The Chisinau Legislature has passed a political declaration on accepting the Report of the International Committee for the Holocaust. The document condemns the persecution and extermination of Jews by the Nazis and collaborators on the current territory of Moldova from 1937 to 1944.
The Declaration also condemns any attempts of ignoring and denying the Holocaust and brings homage to its victims and survivors.
The Parliament sees the declaration as very timely, under the conditions in which ethno-centrism and xenophobia mutilate people and take new shapes in the whole world.
"Condemning and recognizing the Holocaust is not just a political act, it’s a social act, clearly expressing that, by memory and history, we’ll never admit any actions and positions endangering human values. It’s a proof this society is mature, tolerant, European, open, knowing to justly appreciate the past and which will defend its future from intolerance and manipulation," reads the declaration.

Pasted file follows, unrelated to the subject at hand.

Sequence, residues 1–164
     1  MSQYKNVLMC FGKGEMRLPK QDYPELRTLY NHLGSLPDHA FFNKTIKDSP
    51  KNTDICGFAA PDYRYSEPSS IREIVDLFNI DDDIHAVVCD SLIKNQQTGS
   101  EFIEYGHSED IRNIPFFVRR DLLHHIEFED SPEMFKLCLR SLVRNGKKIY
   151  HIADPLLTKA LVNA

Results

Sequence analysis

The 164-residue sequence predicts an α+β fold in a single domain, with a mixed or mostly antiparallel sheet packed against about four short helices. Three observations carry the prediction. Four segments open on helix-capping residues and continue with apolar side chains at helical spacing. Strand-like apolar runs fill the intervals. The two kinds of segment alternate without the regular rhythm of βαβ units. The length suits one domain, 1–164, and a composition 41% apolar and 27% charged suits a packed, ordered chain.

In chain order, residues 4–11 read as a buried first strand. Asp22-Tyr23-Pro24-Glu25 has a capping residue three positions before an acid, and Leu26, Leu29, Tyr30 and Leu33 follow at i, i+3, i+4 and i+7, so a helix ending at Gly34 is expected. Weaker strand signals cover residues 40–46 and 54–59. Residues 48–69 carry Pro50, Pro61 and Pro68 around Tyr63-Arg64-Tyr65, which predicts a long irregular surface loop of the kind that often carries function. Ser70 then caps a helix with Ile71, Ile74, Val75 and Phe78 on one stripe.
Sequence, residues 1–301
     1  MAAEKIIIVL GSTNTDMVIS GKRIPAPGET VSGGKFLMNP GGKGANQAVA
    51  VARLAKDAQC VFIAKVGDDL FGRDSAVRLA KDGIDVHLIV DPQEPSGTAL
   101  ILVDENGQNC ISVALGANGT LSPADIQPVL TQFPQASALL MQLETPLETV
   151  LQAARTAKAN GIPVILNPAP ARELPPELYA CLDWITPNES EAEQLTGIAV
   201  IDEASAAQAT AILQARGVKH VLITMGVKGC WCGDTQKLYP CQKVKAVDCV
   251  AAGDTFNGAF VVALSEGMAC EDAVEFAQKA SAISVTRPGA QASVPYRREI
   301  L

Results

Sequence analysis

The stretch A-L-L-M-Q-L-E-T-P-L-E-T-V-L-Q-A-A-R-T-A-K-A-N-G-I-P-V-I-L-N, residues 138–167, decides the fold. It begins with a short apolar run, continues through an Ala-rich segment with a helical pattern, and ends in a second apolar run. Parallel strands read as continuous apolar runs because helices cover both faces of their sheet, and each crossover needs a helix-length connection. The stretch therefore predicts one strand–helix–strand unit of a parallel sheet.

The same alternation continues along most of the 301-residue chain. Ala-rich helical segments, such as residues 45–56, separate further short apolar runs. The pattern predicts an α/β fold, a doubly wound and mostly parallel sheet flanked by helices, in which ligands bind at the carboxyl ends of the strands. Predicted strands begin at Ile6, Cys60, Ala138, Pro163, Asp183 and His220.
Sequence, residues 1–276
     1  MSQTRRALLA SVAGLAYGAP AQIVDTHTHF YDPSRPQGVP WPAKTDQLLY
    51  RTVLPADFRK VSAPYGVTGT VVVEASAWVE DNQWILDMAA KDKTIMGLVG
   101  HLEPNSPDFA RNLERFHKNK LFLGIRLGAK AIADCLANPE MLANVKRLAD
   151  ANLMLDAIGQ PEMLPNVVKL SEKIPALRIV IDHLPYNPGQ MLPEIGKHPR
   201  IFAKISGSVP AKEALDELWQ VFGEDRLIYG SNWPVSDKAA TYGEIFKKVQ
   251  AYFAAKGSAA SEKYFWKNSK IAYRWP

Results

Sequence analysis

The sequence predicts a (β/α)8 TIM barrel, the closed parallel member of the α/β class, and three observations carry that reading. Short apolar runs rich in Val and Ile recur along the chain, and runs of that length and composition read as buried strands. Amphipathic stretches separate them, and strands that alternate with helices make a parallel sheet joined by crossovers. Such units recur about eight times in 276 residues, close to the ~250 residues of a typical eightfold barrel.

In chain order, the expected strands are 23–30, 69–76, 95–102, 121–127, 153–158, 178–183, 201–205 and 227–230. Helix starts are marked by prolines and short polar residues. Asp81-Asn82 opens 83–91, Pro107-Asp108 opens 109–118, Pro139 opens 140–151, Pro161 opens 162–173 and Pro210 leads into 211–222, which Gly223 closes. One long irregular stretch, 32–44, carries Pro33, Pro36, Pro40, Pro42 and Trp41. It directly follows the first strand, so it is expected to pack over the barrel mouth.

The MPs urge academics, schools and universities to start courses, discussions and symposiums dedicated to the Holocaust, in order to educate the spirit of tolerance, humanism and mutual respect within society.
"We commit not to allow that ideologies, people or organizations should try reviewing history and denying the Holocaust. We consider that by education, research, public discussions, the memory of the Holocaust victims will be honored, and the crimes – condemned, so that xenophobia, anti-Semitism and racism should not find place in Moldova. Suppressing the truth, the collective memories is not specific to the Moldovans, who have resisted all the attempts of revising the past," the document specifies.
The Elie Wiesel committee, constituted in Romania, presented the report in 2004, according to which, only in 1941, from 45,000 to 60,000 Jews were killed in Bessarabia and Bucovina, and from 105,000 to 120,000 Jews died after being expelled from the Transnistrian area.